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Forecast of Class 4-7 Truck Resale Market: Status Quo

September 2014, Work Truck - Feature

by Charles Pannunzio

Absent of any dramatic change in the economy, resale values for medium-duty trucks will continue the slight decline experienced earlier this year.

Ricky Beggs, senior vice president and editorial director of Black Book, said everything he is seeing points the status quo for buyers and sellers of used trucks.

“Of course, it’s always up in the air because you never know what’s going to happen going forward,” Beggs said. “But, just based on new orders, the volume of used trucks that are out there, and the activity that we see in the marketplace, we feel that depreciation levels will probably increase a little bit from what has been occurring.”

The average wholesale value of trucks in Classes 4-7 dropped 1 percent from July 1 to August 1, 2014, on the heels of a 1.1-percent dip from June to July, when the median value for trucks in model-years 2003 to 2010 was $17,446. The decline had been 0.7 percent between May and June.

“We think the level of depreciation for the rest of the year will be anywhere from 1 percent to 1.5 percent per month,” Beggs said. “And, that’s pretty much in line with what we saw the first half of the year.”

The wholesale value of the 2003-2010 model-year trucks took a big hit in the first quarter of 2014, with the median price falling from $18,879 to $18,016. The drop over the intervening four months has not been as steep.

“So, you’ve got a little bit of movement that says the market is a little softer than it was (in June), but when you look at three or four or five months before that, it’s actually a better market than it was then,” Beggs said.

Get More Life
Fleet managers are able to squeeze more life out of vehicles when the economy dictates, according to Beggs.

“They’ll hang on to them, they will get by with a slightly older truck, they’ll put a few more miles on the vehicle, and they’ll work it a little harder than they might normally,” he said. “Even though the economy has picked up a little bit, which has helped the market somewhat, there are still some doubts out there. Is the economy as good as some people want it to be?”

A flurry of new orders at the end of 2012 led to a dip in prices for used trucks. The month-over-month change was not nearly as dramatic in 2013 or the first half of 2014.

“And, that was a sign when the economy first made its turn, and things started to pick up a little bit and people just felt a little better. It was a case then that those trucks that they had been using had really gotten older,” Beggs said. “The industry was thinking, ‘You know what, we’ve got to replace some of these, we have a little bit of an uptick, let’s do it now.’”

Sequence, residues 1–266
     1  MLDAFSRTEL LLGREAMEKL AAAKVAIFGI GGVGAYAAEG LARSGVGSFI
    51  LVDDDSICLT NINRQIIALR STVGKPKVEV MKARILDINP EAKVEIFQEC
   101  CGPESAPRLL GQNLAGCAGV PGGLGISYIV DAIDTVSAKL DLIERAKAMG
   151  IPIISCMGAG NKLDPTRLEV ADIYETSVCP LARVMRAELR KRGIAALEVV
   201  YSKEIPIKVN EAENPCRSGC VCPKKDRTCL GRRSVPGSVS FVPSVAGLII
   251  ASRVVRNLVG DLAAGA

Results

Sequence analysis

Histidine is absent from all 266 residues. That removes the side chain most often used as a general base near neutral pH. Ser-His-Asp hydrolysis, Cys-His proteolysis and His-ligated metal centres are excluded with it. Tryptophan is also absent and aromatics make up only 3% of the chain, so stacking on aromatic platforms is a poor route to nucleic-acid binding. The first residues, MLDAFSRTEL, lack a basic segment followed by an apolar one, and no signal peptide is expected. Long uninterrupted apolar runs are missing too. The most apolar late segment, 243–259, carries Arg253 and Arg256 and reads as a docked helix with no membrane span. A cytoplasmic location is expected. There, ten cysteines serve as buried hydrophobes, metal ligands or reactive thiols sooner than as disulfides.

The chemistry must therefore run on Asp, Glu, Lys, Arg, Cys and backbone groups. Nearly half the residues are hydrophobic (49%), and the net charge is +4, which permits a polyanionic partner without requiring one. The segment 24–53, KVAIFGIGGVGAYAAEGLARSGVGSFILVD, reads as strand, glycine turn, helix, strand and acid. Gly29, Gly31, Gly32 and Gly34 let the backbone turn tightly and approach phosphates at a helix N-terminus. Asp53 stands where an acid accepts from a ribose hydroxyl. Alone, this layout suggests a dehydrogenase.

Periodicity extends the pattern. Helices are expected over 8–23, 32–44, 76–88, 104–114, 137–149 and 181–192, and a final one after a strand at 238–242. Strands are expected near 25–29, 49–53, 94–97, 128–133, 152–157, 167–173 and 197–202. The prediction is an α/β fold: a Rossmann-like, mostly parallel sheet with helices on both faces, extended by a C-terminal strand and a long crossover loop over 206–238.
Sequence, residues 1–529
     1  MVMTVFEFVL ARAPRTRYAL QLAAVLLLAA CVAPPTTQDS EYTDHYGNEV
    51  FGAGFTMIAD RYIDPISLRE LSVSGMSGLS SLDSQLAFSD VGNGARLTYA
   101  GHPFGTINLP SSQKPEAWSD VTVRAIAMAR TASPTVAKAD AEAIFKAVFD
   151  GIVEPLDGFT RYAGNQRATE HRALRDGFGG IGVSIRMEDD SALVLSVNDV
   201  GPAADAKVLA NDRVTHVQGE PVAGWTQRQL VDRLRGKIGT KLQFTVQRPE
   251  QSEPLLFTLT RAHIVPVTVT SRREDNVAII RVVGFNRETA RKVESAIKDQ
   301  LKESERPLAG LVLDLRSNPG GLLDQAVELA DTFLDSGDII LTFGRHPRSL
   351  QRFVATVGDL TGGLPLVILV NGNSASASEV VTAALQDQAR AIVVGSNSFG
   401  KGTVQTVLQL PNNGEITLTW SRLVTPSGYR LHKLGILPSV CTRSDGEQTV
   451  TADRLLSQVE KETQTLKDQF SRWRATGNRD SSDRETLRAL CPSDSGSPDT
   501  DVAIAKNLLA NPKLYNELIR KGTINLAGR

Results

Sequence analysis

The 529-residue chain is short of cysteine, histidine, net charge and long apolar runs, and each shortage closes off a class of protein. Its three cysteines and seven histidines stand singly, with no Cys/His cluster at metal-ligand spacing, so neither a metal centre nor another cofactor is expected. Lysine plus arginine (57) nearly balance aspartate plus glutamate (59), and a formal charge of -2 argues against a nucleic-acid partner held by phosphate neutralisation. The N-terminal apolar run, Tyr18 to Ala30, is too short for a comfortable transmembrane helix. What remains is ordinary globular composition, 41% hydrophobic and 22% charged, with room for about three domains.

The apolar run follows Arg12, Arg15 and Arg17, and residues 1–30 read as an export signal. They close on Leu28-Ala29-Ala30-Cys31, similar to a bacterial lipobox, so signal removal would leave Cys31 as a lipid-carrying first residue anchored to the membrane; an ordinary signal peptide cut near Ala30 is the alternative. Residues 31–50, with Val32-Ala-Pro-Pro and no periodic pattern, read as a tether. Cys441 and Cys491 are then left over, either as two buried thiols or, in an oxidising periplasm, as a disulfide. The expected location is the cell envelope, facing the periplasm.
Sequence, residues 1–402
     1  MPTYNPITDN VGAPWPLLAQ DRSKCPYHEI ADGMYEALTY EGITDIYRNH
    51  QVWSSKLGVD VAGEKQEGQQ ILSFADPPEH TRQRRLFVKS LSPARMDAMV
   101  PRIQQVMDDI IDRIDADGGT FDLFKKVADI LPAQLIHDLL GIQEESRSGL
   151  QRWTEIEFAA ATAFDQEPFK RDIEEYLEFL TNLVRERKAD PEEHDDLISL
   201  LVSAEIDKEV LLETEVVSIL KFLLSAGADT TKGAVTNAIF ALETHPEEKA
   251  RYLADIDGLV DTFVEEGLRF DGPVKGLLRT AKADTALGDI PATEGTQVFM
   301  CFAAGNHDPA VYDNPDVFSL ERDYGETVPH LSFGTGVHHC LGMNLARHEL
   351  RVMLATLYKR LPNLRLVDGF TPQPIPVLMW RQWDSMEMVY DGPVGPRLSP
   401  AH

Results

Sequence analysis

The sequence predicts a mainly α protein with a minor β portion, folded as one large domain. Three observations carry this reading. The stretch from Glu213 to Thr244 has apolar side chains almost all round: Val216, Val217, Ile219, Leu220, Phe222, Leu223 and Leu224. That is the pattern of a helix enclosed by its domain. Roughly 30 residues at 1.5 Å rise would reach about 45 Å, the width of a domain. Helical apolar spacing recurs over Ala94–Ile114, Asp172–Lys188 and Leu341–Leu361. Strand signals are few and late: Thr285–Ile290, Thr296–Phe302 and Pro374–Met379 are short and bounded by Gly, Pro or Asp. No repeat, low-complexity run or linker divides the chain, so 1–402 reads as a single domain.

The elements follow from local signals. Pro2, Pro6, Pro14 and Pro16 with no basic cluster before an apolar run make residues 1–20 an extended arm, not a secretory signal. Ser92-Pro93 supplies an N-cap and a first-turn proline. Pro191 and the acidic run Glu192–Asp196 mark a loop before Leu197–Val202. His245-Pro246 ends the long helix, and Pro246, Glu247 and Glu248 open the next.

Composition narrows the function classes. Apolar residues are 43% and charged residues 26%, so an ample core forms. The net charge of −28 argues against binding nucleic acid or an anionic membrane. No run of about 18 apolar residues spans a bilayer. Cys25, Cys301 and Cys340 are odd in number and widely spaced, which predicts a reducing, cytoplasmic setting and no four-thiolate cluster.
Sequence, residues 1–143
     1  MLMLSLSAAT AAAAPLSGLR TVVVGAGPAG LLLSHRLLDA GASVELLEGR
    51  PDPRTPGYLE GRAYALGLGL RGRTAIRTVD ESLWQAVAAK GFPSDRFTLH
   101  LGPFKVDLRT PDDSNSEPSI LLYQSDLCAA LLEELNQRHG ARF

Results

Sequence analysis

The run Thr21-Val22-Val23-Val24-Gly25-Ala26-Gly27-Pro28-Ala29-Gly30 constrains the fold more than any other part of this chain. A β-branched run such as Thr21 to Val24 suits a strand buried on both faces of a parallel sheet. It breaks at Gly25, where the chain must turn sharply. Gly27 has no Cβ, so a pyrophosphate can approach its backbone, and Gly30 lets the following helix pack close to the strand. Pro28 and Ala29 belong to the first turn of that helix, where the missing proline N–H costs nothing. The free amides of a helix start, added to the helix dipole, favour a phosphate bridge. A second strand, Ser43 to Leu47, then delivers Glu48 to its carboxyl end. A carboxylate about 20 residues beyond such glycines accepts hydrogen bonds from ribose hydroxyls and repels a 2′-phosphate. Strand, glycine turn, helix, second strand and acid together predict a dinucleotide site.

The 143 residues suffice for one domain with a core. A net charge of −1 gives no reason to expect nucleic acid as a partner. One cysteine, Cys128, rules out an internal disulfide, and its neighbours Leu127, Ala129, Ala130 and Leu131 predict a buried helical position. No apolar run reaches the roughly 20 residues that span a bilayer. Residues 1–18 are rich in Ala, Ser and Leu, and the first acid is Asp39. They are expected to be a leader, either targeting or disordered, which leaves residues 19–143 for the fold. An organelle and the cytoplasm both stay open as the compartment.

That seems to be changing, Beggs said.

“Maybe that pent-up demand, that level of need has somewhat been met, so the market for orders has slowed down just a little bit,” he added.

One of the factors that makes the medium-duty truck market unique, especially in comparison to cars and light-duty vehicles, is that buyers are willing to cast a wider net to find what they want, Beggs said.
“Someone who is looking for a certain type truck can put in that criteria and spread out the mileage or the range they are willing to look, and they can find the vehicles that they are actually looking for,” he noted. “And, in this market, where you don’t have as many to choose from, then they are not afraid to travel, and to go to those areas to find it.”

Effects of Wear & Tear
A bigger factor in the cost and desirability of trucks in this class is how they are used, Beggs said.

Something that has not faced heavy industrial use “might have a tremendous amount of life left in it in relation to a five- or six-year-old truck that was used in an oil field, that was used in a mining operation,” Beggs said. “That buyer there might think ‘I can buy that five- or six-year-old truck that still has a tremendous amount of life in it because of how it was used, and put it in my oil field application and meet my needs.’ ”

Online sales are particularly attractive to buyers considering the distance they might have to travel to find what they are looking for, Beggs said.

“It is sight unseen as far as your eyes laying on it, but every one of these sales that they list vehicles online or they sell them online, or in conjunction with a physical sale, there is a pretty solid condition report that describes that vehicle,” he noted. “So, the confidence in the buyer is there because of that condition report, and it eliminates a little bit of that concern about sight unseen.” 

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